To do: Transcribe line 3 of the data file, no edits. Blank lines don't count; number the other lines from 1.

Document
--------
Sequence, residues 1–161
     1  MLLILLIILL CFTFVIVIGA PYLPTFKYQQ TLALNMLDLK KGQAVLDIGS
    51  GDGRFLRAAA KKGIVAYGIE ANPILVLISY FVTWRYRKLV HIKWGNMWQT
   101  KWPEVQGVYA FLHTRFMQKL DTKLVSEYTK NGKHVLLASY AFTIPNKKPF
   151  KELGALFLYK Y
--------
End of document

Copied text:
    51  GDGRFLRAAA KKGIVAYGIE ANPILVLISY FVTWRYRKLV HIKWGNMWQT